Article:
Faculty Opinions – Post-Publication Peer Review of the Biomedical Literature, Volume 58; doi:10.3410/f.736684664.793577531

Abstract:
The circadian clock is regulated at the molecular level by feedback circuits of a group of genes known as "clock genes", which establish a mechanism that controls circadian cellular physiology to maintain the balance between cell proliferation, response to DNA damage and apoptosis. Alterations in the expression of clock genes due to genetic or epigenetic mechanisms have been associated with multiple diseases including cancer. Even some clock genes such as the Per1, Per2, Bmal1 genes have been proposed as tumor suppressor genes, with a relevant role during carcinogenesis. At the molecular level, multiple mechanisms of molecular control have been described to link circadian transcription, cell cycle control, and tumorigenesis. In addition, recent findings describe an epigenetic control of circadian transcription, at the level of DNA methylation as well as in the modifications of histones. However, the link between the circadian epigenome and cancer remains unclear. In this article, we review the evidence that suggests a relationship between alterations in the expression of clock genes, with the development of cancer, from the epigenetic landscape.
Sandip Kumar Patel, Bhawana George, Sciprofile linkVineeta Rai
Published: 12 August 2020
Frontiers in Pharmacology, Volume 11; doi:10.3389/fphar.2020.01177

Abstract:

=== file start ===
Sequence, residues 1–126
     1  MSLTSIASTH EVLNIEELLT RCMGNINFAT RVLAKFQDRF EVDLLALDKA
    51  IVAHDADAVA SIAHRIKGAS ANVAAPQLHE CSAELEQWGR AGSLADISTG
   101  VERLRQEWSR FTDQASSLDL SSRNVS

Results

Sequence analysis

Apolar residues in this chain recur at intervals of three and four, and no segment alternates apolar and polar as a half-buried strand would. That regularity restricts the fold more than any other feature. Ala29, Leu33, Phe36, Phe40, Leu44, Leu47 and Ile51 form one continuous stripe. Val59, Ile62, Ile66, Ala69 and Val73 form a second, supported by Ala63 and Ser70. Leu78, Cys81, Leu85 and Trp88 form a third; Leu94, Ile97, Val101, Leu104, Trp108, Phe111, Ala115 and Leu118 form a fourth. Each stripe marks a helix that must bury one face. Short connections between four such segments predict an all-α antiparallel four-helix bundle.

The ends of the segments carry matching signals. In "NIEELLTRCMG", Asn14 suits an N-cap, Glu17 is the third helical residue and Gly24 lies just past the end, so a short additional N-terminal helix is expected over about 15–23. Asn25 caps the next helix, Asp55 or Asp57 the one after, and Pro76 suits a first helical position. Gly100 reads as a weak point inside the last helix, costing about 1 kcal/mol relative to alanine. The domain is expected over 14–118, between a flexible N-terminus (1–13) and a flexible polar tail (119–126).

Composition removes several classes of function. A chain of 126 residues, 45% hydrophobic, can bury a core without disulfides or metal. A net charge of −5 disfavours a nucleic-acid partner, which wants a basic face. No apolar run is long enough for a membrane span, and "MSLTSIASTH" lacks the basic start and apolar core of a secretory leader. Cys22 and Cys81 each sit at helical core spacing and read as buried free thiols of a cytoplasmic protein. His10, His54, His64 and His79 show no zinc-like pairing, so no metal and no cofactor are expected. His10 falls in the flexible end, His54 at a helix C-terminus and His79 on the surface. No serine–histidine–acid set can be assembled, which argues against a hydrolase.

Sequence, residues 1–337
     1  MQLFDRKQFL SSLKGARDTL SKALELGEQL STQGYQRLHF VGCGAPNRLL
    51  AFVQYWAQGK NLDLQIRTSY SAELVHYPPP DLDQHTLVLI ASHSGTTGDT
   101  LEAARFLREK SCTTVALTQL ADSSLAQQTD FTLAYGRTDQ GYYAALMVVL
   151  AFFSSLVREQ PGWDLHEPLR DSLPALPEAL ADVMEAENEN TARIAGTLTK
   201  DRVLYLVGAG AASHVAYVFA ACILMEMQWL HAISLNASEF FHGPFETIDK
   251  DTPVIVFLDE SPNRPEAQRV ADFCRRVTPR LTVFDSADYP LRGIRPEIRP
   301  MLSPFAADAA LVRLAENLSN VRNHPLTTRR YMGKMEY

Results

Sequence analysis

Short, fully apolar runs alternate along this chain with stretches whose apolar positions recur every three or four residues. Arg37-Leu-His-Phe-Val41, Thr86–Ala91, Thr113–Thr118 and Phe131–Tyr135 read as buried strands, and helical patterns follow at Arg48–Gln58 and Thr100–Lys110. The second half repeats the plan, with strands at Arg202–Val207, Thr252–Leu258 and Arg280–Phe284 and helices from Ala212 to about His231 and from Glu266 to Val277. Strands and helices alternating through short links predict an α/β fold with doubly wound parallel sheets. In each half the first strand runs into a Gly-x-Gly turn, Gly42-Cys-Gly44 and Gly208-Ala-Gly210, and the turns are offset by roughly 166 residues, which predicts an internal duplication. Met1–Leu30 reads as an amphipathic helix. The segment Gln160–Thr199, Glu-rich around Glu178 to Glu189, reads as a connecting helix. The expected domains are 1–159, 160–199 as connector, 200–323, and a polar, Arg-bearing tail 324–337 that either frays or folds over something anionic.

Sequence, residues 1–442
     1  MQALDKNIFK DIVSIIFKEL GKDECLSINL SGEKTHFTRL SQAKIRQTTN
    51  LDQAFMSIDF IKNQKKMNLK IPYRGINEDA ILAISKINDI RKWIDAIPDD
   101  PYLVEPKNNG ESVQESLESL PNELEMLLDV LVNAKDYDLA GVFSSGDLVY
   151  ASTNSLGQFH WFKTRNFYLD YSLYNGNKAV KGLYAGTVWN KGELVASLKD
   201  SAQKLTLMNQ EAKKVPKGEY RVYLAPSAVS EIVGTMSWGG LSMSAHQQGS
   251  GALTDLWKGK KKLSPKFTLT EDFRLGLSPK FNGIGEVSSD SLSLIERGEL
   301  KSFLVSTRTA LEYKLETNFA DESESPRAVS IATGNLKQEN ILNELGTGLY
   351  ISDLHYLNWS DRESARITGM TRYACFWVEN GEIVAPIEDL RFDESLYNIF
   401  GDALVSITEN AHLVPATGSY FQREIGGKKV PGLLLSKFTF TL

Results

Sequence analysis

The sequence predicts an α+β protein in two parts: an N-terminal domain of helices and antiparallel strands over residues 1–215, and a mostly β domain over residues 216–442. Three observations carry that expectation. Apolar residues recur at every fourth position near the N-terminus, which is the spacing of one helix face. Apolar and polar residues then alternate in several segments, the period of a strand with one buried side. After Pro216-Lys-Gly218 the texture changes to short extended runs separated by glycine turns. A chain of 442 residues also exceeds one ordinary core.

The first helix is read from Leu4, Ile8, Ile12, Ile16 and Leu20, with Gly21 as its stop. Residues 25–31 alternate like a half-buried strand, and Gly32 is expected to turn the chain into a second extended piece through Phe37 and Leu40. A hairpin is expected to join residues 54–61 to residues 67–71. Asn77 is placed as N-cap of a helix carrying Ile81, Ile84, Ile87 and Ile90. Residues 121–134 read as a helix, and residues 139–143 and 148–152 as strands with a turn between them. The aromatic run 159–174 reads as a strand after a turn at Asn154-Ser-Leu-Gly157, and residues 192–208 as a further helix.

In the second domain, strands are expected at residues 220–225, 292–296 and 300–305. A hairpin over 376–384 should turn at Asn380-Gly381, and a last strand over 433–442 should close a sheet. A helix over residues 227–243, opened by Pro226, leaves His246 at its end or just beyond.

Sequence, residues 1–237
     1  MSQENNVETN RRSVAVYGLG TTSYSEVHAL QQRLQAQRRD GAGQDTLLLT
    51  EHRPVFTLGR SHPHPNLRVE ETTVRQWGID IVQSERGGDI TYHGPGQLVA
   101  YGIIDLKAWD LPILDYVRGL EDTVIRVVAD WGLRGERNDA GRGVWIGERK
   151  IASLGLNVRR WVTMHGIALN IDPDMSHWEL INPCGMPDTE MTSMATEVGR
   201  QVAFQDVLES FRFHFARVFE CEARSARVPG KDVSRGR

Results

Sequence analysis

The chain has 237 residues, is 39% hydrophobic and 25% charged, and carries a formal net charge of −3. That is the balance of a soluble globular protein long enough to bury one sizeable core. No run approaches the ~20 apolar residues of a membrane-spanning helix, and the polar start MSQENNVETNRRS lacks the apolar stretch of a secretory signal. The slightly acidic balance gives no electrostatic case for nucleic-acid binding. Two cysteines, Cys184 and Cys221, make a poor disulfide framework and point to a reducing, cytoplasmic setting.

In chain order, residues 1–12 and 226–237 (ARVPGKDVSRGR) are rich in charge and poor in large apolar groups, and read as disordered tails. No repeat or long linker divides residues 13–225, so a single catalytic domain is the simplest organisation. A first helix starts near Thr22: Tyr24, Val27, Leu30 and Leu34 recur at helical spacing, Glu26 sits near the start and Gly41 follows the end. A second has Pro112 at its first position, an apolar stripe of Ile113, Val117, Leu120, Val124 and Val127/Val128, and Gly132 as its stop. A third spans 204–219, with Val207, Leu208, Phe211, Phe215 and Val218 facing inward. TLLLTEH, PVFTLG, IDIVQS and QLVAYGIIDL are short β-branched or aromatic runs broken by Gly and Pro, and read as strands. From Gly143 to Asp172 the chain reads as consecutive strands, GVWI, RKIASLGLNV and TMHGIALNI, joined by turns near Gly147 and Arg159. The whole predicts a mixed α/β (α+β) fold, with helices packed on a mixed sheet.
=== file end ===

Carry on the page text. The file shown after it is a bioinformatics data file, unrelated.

The multitude of multi-omics data generated cost-effectively using advanced high-throughput technologies has imposed challenging domain for research in Artificial Intelligence (AI). Data curation poses a significant challenge as different parameters, instruments, and sample preparations approaches are employed for generating these big data sets. AI could reduce the fuzziness and randomness in data handling and build a platform for the data ecosystem, and thus serve as the primary choice for data mining and big data analysis to make informed decisions. However, AI implication remains intricate for researchers/clinicians lacking specific training in computational tools and informatics. Cancer is a major cause of death worldwide, accounting for an estimated 9.6 million deaths in 2018. Certain cancers, such as pancreatic and gastric cancers, are detected only after they have reached their advanced stages with frequent relapses. Cancer is one of the most complex diseases affecting a range of organs with diverse disease progression mechanisms and the effectors ranging from gene-epigenetics to a wide array of metabolites. Hence a comprehensive study, including genomics, epi-genomics, transcriptomics, proteomics, and metabolomics, along with the medical/mass-spectrometry imaging, patient clinical history, treatments provided, genetics, and disease endemicity, is essential. Cancer Moonshot℠ Research Initiatives by NIH National Cancer Institute aims to collect as much information as possible from different regions of the world and make a cancer data repository. AI could play an immense role in (a) analysis of complex and heterogeneous data sets (multi-omics and/or inter-omics), (b) data integration to provide a holistic disease molecular mechanism, (c) identification of diagnostic and prognostic markers, and (d) monitor patient’s response to drugs/treatments and recovery. AI enables precision disease management well beyond the prevalent disease stratification patterns, such as differential expression and supervised classification. This review highlights critical advances and challenges in omics data analysis, dealing with data variability from lab-to-lab, and data integration. We also describe methods used in data mining and AI methods to obtain robust results for precision medicine from “big” data. In the future, AI could be expanded to achieve ground-breaking progress in disease management.